Ed Miliband’s response to Nicola Sturgeon’s appeal for Labour and the SNP to form an anti-Tory alliance (“It’s a no, I’m afraid”) has been presented by some as a rejection of any possible deal. But his preceding words make it clear that he was again only ruling out a formal coalition between the two parties: “I have fought the Tories all my life. We have profound differences. That why I’m not going to have a coalition with the SNP. I’m not going to put at risk the unity of the United Kingdom. It’s a no, I’m afraid.”
This leaves open the possibility of a confidence and supply arrangement between Labour and the SNP under which the latter would agree to support the former in confidence votes (“confidence”) and Budgets (“supply”). Sturgeon said this morning: “I suppose you have to ask Ed Miliband what he meant. He’s ruled out a coalition, I’ve always said there isn’t going to be a formal coalition between Labour and the SNP. But let’s just think about three weeks from today, 8th of May, if Ed Miliband and the SNP between us have more MPs than David Cameron has, is Ed Miliband really saying that he would stand and watch David Cameron get back into Downing St? If that is Ed Miliband’s position then let him come out and say that. And people across Scotland and across the UK can draw their own conclusions.”
Ahead of parliament almost certainly being hung again, there are many on the left and the right who argue that a Labour-SNP deal is inevitable. Some in the former camp even argue that the party should welcome the chance to forge a new “progressive alliance”. But as several Labour sources have recently pointed out to me, this ignores how the party could call the SNP’s bluff in a hung parliament. The nationalists’ commitment to vote down any Conservative-led government has left them with none of the bargaining power that the Lib Dems enjoyed in 2010. If Labour and the SNP have enough seats between them for a majority, Miliband could simply challenge the party to vote in favour of his first Queen’s Speech, which would be filled with the kind of left-wing populist measures that Sturgeon could not oppose (an energy price freeze, a cap on rent increases, tougher banking regulation, a crackdown on zero-hours contracts, a housebuilding programme and further Scottish devolution). This would avoid the need for Labour to do a deal with the SNP and risk condemning Scottish Labour to permanent irrelevance while also alienating English voters. It would also prevent Miliband from having to compromise on deficit reduction, Trident or any other contentious matters.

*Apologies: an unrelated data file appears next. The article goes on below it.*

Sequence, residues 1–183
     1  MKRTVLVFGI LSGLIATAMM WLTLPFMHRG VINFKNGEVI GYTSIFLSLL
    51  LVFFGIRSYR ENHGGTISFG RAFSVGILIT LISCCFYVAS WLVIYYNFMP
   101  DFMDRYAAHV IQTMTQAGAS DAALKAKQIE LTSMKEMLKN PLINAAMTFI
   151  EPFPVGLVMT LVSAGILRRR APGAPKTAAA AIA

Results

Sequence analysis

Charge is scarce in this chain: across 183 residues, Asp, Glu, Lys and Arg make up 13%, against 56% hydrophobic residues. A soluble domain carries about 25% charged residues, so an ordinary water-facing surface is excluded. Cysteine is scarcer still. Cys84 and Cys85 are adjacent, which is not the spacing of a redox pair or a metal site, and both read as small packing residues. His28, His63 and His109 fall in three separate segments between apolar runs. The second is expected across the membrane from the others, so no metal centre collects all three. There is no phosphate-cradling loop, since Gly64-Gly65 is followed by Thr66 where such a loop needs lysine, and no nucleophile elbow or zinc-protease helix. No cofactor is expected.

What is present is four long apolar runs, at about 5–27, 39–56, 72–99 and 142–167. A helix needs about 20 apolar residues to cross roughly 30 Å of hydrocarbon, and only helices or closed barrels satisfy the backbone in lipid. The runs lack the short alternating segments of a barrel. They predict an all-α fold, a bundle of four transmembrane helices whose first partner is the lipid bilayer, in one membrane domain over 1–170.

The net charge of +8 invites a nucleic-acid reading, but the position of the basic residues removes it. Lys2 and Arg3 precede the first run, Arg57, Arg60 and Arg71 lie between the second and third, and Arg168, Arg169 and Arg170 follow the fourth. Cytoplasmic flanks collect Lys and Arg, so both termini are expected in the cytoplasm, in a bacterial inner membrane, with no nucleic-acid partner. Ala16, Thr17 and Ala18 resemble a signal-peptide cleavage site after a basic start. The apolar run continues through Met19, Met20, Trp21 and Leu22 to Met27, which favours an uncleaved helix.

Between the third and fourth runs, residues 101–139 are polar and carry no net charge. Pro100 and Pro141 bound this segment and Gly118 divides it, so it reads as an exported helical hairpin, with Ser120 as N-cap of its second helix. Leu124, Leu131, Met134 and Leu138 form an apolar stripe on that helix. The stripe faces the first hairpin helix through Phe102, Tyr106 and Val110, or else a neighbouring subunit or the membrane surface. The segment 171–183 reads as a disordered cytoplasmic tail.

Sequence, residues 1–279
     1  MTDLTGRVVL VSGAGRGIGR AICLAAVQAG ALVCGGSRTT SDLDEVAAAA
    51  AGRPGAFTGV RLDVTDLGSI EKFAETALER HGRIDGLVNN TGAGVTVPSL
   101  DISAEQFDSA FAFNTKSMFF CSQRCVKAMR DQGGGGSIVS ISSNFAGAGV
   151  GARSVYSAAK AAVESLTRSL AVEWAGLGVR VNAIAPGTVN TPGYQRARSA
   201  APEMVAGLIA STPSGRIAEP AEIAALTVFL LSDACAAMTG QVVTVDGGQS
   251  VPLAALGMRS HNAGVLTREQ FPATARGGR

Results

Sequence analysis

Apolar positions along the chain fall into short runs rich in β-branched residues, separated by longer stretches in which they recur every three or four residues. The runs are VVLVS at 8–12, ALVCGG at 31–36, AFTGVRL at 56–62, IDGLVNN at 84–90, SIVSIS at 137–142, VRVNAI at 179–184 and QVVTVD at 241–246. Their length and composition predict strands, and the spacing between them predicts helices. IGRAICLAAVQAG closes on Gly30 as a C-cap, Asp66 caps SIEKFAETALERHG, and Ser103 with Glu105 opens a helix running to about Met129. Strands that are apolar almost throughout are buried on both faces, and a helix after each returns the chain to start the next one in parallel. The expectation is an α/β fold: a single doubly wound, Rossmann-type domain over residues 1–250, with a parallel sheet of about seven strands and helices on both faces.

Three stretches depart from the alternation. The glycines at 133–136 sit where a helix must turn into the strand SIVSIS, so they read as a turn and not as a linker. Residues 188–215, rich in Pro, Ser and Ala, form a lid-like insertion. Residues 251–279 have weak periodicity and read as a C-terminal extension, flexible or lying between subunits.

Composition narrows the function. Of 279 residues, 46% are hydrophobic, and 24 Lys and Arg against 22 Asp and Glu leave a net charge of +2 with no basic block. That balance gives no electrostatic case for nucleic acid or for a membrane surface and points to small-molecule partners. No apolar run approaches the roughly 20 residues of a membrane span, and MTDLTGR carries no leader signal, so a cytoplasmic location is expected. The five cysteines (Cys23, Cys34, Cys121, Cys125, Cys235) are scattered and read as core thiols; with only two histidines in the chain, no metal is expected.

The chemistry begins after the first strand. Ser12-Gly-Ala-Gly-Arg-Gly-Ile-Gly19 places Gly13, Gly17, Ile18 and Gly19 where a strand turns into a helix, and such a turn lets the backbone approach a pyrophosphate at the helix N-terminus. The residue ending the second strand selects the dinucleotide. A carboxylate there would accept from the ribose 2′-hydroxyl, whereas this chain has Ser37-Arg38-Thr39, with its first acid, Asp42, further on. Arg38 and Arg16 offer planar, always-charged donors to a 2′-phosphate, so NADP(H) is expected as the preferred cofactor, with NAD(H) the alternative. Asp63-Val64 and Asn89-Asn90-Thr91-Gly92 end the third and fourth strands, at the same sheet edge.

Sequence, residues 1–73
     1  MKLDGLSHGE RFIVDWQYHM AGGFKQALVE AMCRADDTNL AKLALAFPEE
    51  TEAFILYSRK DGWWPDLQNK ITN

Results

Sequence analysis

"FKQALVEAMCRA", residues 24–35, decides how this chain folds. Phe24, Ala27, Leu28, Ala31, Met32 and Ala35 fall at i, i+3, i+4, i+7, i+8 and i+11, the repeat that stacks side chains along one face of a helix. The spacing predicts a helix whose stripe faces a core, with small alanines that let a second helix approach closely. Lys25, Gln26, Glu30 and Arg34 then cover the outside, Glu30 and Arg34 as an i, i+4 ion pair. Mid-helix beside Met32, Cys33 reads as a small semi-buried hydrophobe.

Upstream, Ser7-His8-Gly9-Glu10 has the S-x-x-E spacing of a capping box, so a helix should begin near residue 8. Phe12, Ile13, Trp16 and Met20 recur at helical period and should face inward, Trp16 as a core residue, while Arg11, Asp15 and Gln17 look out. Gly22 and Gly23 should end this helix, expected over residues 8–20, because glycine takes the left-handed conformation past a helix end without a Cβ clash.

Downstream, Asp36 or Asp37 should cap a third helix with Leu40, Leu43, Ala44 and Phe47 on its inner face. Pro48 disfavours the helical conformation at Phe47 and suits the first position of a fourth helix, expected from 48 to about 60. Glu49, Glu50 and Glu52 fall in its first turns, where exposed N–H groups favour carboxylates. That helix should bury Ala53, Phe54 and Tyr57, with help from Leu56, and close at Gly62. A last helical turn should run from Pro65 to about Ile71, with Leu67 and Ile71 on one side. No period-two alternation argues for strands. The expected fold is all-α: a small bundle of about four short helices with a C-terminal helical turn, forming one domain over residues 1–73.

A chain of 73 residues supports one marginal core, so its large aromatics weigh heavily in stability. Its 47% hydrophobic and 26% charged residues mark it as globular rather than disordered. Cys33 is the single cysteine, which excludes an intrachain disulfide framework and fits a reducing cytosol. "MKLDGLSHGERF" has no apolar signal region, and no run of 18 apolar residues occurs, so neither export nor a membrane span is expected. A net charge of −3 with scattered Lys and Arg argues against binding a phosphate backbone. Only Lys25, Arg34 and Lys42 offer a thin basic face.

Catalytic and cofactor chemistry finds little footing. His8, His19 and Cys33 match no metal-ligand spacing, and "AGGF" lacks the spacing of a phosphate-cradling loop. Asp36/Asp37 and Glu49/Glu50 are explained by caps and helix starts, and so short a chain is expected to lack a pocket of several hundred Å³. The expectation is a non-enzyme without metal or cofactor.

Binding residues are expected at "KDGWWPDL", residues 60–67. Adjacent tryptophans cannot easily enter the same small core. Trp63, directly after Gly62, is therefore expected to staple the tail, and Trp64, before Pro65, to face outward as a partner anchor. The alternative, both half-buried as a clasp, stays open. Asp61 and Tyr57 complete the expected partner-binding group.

The risk remains that the SNP does not blink and either abstains or votes against a Labour Queen’s Speech, potentially triggering a no confidence vote and a second election (if no government can be formed within 14 days) that Miliband may not win. But Labour would be able to warn of the danger of the Tories returning to power (as they did when the SNP helped bring down the Callaghan government in 1979). The alternative scenario – that the SNP voluntarily puts in Labour in power – deserves more consideration than it is currently receiving. And it is path that Miliband is most likely to pursue if he falls short on 8 May.